Cara Hoffman, Author of SO MUCH PRETTYBy Susan Henderson
June 10, 2011
Cara Hoffman’s SO MUCH PRETTY has everything I long for in a good book. For starters, the writing was so good I read the first two chapters out loud just for the pure pleasure of the rhythm and the prose. The story itself is about a chilling crime that happens in a small, rural town. But it’s the issues the book wrestled with that haunted me for weeks after I’d read it: the closed nature of small-town communities, the economic and environmental realities of industrialized farms, and the battle between truth and denial when a crime hits close to home.
I hope you’ll welcome Cara to The Nervous Breakdown, and I dare you to read the first chapter of her book and not keep going.
Talk to me about outsiders in this town. What is so threatening to the locals about them, and why don’t they let the new person feel a part of their community? And the flipside… what do you think the outsiders’ arrogance is about? What is about small towns that seems to create this dynamic?
Small town provincialism is truly repugnant stuff and Haeden is emblematic of this kind of provincialism. I think places that have been heavily impacted by the brain drain and economic shifts have it hard, have a lot of compensating to do. The old families in towns like these are actually the ones that exhibit the most arrogance. Outsiders often come in, like Gene and Claire Piper do in the novel, with high hopes thinking that they’ll be able to integrate or change things. But for all their sophistication they’re missing a bigger picture that is not lost on the locals, especially the poor locals. Each side sees the other as naïve and ignorant. This kind of antagonism has deep roots.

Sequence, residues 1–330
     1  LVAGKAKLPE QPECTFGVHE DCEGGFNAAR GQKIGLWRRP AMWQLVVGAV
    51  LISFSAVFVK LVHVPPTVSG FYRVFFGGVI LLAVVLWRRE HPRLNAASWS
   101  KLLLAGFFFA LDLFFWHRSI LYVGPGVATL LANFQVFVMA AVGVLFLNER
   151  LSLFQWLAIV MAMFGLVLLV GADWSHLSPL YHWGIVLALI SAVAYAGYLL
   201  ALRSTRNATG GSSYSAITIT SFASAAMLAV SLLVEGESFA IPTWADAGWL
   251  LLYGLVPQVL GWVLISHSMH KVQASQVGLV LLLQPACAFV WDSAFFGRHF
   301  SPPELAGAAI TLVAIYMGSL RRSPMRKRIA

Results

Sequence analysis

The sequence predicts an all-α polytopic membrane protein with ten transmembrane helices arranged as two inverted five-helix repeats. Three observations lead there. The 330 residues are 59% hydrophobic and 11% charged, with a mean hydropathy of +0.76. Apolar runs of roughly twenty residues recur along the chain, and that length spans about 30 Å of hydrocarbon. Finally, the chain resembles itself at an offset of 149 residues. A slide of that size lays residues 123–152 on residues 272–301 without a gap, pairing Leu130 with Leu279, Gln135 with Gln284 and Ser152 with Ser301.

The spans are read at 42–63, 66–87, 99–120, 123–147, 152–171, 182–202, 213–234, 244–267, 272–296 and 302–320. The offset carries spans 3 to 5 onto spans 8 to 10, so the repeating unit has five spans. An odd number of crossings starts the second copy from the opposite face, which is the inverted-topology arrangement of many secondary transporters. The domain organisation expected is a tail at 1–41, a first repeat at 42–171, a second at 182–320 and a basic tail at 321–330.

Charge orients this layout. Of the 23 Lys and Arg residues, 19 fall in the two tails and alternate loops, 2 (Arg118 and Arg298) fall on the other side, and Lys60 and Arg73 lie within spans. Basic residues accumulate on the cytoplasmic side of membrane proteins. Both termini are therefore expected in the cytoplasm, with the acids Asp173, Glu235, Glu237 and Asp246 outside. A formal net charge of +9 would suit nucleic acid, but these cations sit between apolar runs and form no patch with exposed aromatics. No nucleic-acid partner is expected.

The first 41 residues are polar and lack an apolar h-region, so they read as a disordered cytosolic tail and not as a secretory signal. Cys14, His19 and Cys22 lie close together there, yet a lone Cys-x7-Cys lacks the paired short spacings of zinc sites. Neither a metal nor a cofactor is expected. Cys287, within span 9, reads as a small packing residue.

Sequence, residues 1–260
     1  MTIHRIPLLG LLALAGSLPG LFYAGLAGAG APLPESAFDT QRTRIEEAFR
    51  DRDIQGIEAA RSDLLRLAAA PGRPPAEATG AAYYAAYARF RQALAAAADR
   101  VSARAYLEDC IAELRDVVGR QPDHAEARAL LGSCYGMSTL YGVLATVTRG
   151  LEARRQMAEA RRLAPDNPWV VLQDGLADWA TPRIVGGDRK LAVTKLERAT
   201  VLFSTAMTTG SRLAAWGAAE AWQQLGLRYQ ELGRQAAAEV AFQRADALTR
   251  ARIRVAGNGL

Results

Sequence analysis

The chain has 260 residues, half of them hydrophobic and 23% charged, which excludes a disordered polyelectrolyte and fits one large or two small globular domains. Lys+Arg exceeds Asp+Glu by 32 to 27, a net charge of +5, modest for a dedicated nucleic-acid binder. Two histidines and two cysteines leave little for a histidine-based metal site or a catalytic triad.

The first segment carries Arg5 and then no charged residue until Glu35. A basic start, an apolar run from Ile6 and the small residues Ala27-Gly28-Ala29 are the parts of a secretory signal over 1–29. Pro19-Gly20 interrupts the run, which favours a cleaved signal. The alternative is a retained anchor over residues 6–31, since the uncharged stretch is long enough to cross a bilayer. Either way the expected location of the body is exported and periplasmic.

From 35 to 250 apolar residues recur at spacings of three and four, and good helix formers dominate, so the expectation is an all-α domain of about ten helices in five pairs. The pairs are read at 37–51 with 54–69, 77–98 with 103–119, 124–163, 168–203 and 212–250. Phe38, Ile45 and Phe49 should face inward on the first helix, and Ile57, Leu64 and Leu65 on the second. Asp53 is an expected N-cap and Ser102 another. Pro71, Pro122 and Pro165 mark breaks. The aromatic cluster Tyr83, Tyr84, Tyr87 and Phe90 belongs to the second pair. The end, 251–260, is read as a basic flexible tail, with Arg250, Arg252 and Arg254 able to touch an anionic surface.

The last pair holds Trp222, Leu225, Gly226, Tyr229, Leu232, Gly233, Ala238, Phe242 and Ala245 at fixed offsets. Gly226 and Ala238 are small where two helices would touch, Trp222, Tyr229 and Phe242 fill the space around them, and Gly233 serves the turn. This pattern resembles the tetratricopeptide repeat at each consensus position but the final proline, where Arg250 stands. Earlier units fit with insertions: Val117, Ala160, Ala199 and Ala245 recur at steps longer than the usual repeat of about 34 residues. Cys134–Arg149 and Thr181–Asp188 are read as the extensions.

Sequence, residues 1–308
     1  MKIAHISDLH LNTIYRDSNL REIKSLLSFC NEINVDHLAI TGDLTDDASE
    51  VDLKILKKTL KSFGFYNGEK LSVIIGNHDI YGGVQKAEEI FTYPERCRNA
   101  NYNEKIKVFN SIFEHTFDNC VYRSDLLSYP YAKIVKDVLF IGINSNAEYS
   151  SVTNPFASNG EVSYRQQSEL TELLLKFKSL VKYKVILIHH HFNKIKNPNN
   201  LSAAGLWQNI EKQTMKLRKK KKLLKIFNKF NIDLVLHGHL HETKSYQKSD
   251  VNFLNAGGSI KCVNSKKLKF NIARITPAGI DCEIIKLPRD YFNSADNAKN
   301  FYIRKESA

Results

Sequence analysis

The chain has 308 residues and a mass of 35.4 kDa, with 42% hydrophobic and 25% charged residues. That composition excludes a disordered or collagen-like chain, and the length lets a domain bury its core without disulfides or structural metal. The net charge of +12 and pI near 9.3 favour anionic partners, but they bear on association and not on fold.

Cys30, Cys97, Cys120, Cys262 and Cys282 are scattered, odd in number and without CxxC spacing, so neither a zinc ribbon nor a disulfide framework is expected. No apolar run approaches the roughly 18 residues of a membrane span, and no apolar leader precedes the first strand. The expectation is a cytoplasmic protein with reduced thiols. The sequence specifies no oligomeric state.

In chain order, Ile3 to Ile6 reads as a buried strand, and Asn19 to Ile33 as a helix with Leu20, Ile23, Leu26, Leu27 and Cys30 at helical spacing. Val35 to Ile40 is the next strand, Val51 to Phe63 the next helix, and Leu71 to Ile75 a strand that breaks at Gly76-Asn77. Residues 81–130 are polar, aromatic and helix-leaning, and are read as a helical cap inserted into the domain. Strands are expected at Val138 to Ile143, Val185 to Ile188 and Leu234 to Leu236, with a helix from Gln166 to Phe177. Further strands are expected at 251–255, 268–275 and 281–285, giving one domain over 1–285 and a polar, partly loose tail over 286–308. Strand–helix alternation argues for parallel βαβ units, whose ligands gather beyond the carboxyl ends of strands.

Denial seems to be a way of bringing stability back to the town following Wendy’s disappearance. But denial also creates a seething distrust and rage beneath the surface. I’d love to hear your thoughts about this culture of denial.
I don’t think denial brings stability back to Haeden after Wendy’s disappearance. I don’t really believe denial can in any way create stability. American political culture is steeped in this kind of denial, particularly in regard to environmental issues, gender, class and race. In many ways Haeden is a typical American small town and the things that happened there happen every day in America.
Two young women in the novel put a ripple in this culture when they take the courageous and dangerous step to confront it. Do you think speaking up and confronting denial changes anything?
I do! I think it’s really valuable, as I say in the novel, to pay attention to the obvious. Self-delusion is a dangerous and insidious thing. While I’m generally pessimistic about the possibility of broad political changes, I do think there’s been incredible progress when it comes to gender issues. And that a huge part of that progress is because of people confronting the pervasive culture of misogyny and the denial of violence and brutality that keeps that culture going.
As much as this book is about a mystery unfolding, it’s also about friendship and the creativity that can be born of boredom. I’m thinking of the Bigger/Better game, children braiding their hair together so they’re connected, and the wonderful, Wind in the Willows-inspired afternoons. That aspect of the book seems to get lost in the reviews, but to me it’s at the core of the book, and brings a measure of hope to this story.
I am so glad you mention this because it’s close to my heart and I do think it’s one of the foundations of the novel that can get overshadowed. So Much Pretty is about the life of the mind and a lot of it is brutal. But it’s also about how that life, that inner world, feeds us, how play that is rich and strange can make us smart and brave.
I’d like to end by saying how much I appreciate the poetry and the cadence of your writing. Which authors helped to train your ear?
Thank you. I’ve been influenced by a number of writers. Paul Bowles, David Wojnarowicz, Oscar Wilde. But as far as writing lyrically I think the thing that most trained my ear was my mother reading to me when I was a kid. She read me the entire Norton Anthology, James Joyce, Hemmingway, Fitzgerald. All kinds of crazy stuff you’d never read to a 10 year old. And I’m glad she did it.
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